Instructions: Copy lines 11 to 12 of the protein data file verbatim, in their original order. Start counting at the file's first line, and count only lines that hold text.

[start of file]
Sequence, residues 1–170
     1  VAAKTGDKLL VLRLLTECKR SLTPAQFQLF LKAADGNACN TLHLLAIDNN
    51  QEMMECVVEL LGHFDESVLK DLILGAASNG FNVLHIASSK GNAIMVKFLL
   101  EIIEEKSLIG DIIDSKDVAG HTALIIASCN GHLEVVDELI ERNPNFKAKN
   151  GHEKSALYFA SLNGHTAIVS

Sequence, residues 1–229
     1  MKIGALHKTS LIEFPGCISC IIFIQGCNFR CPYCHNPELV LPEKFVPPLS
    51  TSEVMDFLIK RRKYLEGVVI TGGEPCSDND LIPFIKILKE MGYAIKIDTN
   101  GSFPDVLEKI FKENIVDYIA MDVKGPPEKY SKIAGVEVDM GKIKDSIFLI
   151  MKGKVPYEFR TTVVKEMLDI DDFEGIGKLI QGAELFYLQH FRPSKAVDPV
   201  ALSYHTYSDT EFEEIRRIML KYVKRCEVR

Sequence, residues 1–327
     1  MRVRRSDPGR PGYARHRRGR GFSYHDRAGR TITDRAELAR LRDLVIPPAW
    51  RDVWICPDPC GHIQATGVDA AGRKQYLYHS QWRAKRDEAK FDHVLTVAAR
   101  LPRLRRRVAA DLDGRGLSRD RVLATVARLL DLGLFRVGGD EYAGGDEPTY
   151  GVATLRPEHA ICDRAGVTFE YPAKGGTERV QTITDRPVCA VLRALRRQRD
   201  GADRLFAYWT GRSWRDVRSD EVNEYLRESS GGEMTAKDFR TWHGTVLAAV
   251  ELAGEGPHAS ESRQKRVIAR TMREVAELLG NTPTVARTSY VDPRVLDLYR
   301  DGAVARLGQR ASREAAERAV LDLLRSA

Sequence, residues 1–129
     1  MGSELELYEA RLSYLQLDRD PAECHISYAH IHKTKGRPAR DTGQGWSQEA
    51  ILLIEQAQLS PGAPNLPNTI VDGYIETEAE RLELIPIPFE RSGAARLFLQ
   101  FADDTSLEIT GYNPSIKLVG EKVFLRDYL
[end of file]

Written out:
   201  ALSYHTYSDT EFEEIRRIML KYVKRCEVR

Sequence, residues 1–327